Levamlodipine: (Moderate) Monitor for symptoms of hypotension and edema if coadministration of amlodipine with conivaptan is necessary; adjust the dose of amlodipine as clinically appropriate. Amlodipine is a CYP3A substrate; conivaptan is a moderate CYP3A inhibitor. Concomitant use of amlodipine and oral conivaptan doubled amlodipine's overall exposure in a drug interaction study.
    Lidocaine: (Moderate) Monitor for lidocaine toxicity if coadministration with conivaptan is necessary as concurrent use may increase lidocaine exposure. Lidocaine is a CYP3A substrate and conivaptan is a moderate CYP3A inhibitor.
    Lidocaine; Prilocaine: (Moderate) Monitor for lidocaine toxicity if coadministration with conivaptan is necessary as concurrent use may increase lidocaine exposure. Lidocaine is a CYP3A substrate and conivaptan is a moderate CYP3A inhibitor.
    Lomitapide: (Contraindicated) Concomitant use of conivaptan and lomitapide is contraindicated due to increased lomitapide exposure. If treatment with conivaptan is unavoidable, lomitapide should be stopped. Lomitapide is a CYP3A substrate and conivaptan is a moderate CYP3A inhibitor. Although concomitant use of moderate CYP3A inhibitors with lomitapide has not been studied, a significant increase in lomitapide exposure is likely during concurrent use based on the 27-fold increase in exposure observed with coadministration of a strong CYP3A inhibitor.
    Lonafarnib: (Contraindicated) Coadministration of conivaptan and lonafarnib is contraindicated due to the potential for increased conivaptan and lonafarnib exposure. Conivaptan is a CYP3A substrate and moderate CYP3A inhibitor; lonafarnib is a CYP3A substrate and strong CYP3A inhibitor. In a drug interaction study, coadministration of a strong CYP3A inhibitor increased the exposure of oral conivaptan by 11-fold.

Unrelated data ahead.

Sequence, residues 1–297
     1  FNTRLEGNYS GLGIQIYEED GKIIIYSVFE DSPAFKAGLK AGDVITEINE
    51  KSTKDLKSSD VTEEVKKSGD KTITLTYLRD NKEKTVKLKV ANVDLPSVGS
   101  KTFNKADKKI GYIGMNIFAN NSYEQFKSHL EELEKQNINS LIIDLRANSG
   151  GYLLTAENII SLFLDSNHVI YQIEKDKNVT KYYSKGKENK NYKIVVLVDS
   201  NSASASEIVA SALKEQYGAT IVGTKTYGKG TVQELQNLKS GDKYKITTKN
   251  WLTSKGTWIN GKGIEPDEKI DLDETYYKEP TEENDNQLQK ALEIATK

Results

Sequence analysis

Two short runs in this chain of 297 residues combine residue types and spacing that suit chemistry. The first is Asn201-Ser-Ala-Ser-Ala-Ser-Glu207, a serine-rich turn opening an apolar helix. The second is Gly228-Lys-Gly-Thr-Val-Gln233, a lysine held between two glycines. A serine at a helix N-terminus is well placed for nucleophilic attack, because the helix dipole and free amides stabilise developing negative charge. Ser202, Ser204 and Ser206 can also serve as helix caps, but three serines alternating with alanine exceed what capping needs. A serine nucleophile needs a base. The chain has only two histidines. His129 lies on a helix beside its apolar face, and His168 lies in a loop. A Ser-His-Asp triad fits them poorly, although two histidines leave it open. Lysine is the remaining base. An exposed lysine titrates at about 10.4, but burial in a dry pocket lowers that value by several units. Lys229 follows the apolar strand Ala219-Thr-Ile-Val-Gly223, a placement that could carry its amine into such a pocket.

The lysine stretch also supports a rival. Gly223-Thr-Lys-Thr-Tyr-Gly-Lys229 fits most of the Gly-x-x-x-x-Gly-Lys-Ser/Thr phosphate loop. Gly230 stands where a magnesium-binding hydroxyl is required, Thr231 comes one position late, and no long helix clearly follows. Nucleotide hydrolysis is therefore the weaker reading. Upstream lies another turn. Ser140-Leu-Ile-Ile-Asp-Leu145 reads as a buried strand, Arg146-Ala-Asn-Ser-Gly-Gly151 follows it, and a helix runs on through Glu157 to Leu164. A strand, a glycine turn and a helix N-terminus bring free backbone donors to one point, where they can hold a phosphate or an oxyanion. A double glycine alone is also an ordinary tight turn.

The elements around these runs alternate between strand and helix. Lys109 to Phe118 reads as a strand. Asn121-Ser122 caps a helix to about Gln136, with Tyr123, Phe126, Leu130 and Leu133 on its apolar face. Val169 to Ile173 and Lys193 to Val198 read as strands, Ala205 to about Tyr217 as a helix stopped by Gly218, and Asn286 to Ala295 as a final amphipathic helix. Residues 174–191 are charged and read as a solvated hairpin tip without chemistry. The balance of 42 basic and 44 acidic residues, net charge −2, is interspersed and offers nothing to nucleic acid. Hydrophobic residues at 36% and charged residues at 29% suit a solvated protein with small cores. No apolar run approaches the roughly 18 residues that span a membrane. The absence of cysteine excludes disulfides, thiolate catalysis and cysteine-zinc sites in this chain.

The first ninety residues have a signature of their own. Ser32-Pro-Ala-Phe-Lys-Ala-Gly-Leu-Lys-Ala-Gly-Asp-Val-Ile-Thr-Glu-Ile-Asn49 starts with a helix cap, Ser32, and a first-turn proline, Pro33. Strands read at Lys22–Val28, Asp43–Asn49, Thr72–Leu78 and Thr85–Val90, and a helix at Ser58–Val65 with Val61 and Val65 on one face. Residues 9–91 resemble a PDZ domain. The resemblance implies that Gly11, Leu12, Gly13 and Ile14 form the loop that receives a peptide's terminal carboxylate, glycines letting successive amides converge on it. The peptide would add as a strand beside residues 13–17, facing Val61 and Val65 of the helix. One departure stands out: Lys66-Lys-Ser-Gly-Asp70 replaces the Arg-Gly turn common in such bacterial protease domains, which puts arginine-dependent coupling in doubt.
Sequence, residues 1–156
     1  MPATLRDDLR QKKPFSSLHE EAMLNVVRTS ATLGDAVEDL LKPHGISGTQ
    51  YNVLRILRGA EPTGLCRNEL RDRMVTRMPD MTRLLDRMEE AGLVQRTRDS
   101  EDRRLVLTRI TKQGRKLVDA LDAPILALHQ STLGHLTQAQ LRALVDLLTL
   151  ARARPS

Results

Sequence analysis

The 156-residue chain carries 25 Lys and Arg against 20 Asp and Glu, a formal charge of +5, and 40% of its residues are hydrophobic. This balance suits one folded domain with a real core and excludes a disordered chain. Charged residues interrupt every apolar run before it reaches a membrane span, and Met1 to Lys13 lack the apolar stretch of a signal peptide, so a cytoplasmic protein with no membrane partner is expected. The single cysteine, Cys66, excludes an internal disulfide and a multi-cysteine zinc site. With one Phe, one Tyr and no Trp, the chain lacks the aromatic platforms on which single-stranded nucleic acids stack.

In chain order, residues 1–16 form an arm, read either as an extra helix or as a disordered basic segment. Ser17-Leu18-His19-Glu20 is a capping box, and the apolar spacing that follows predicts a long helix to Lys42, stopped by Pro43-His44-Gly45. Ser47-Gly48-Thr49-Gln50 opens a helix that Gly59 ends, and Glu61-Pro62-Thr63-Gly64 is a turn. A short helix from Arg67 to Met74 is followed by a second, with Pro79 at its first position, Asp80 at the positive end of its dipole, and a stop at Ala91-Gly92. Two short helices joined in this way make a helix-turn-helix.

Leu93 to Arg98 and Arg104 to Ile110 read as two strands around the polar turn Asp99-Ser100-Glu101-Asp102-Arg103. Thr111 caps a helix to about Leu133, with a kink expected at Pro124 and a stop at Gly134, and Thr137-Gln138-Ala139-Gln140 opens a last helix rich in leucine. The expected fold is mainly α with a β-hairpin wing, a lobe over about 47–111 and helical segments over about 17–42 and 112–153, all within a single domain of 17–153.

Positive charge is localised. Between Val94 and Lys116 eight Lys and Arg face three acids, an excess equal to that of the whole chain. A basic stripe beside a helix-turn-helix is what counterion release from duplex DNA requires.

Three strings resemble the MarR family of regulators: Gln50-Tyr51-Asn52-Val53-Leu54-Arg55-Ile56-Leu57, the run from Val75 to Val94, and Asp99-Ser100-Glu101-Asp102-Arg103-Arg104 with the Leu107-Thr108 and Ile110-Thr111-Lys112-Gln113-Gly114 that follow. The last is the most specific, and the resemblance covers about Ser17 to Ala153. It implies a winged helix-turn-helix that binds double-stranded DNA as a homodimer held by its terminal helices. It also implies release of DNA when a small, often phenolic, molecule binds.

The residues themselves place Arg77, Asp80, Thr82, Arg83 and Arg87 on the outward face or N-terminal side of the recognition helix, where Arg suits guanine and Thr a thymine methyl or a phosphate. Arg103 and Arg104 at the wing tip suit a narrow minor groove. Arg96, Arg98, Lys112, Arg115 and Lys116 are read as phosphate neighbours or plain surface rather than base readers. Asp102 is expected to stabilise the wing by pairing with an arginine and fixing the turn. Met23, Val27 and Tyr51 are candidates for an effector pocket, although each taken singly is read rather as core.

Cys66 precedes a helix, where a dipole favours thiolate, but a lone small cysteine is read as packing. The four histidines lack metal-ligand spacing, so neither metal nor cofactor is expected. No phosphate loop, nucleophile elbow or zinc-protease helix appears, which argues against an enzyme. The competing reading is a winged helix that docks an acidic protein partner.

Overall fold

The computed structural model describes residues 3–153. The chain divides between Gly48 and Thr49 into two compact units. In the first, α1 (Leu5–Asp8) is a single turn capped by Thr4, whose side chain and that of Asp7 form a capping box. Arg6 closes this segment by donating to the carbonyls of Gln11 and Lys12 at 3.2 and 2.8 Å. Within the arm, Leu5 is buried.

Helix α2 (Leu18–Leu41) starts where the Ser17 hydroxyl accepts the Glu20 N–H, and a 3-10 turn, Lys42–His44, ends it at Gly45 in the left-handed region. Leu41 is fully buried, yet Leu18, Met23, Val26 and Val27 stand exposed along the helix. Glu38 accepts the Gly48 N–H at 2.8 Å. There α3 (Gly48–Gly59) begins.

Loperamide: (Moderate) Monitor for loperamide-associated adverse reactions, such as CNS effects and cardiac toxicities (i.e., syncope, ventricular tachycardia, QT prolongation, torsade de pointes, cardiac arrest), if coadministered with conivaptan. Concurrent use may increase loperamide exposure. Loperamide is a P-gp substrate and conivaptan is a P-gp inhibitor. Coadministration with another P-gp inhibitor increased loperamide plasma concentrations be 2- to 3-fold.
    Loperamide; Simethicone: (Moderate) Monitor for loperamide-associated adverse reactions, such as CNS effects and cardiac toxicities (i.e., syncope, ventricular tachycardia, QT prolongation, torsade de pointes, cardiac arrest), if coadministered with conivaptan. Concurrent use may increase loperamide exposure. Loperamide is a P-gp substrate and conivaptan is a P-gp inhibitor. Coadministration with another P-gp inhibitor increased loperamide plasma concentrations be 2- to 3-fold.
    Lopinavir; Ritonavir: (Contraindicated) Coadministration of conivaptan and ritonavir is contraindicated due to the potential for increased conivaptan exposure. Conivaptan is a CYP3A substrate; ritonavir is a strong CYP3A inhibitor. In a drug interaction study, coadministration of a strong CYP3A inhibitor increased the exposure of oral conivaptan by 11-fold.
    Lovastatin: (Moderate) Monitor for an increase in lovastatin-related adverse reactions, including myopathy and rhabdomyolysis, if coadministration with conivaptan is necessary. Coadministration may increase the exposure of lovastatin. Lovastatin is a CYP3A and P-gp substrate and conivaptan is a moderate CYP3A and P-gp inhibitor.
    Lovastatin; Niacin: (Moderate) Monitor for an increase in lovastatin-related adverse reactions, including myopathy and rhabdomyolysis, if coadministration with conivaptan is necessary. Coadministration may increase the exposure of lovastatin. Lovastatin is a CYP3A and P-gp substrate and conivaptan is a moderate CYP3A and P-gp inhibitor.
    Lumacaftor; Ivacaftor: (Major) If conivaptan and ivacaftor are taken together, administer ivacaftor at the usual recommended dose but reduce the frequency to once daily. Ivacaftor is a CYP3A substrate and conivaptan is a moderate CYP3A inhibitor. Coadministration with another moderate CYP3A inhibitor increased ivacaftor exposure by 3-fold.
    Lumateperone: (Major) Avoid coadministration of lumateperone and conivaptan as concurrent use may increase lumateperone exposure and the risk of adverse effects. Lumateperone is a CYP3A substrate; conivaptan is a moderate CYP3A inhibitor. Coadministration with a moderate CYP3A inhibitor increased lumateperone exposure by approximately 2-fold.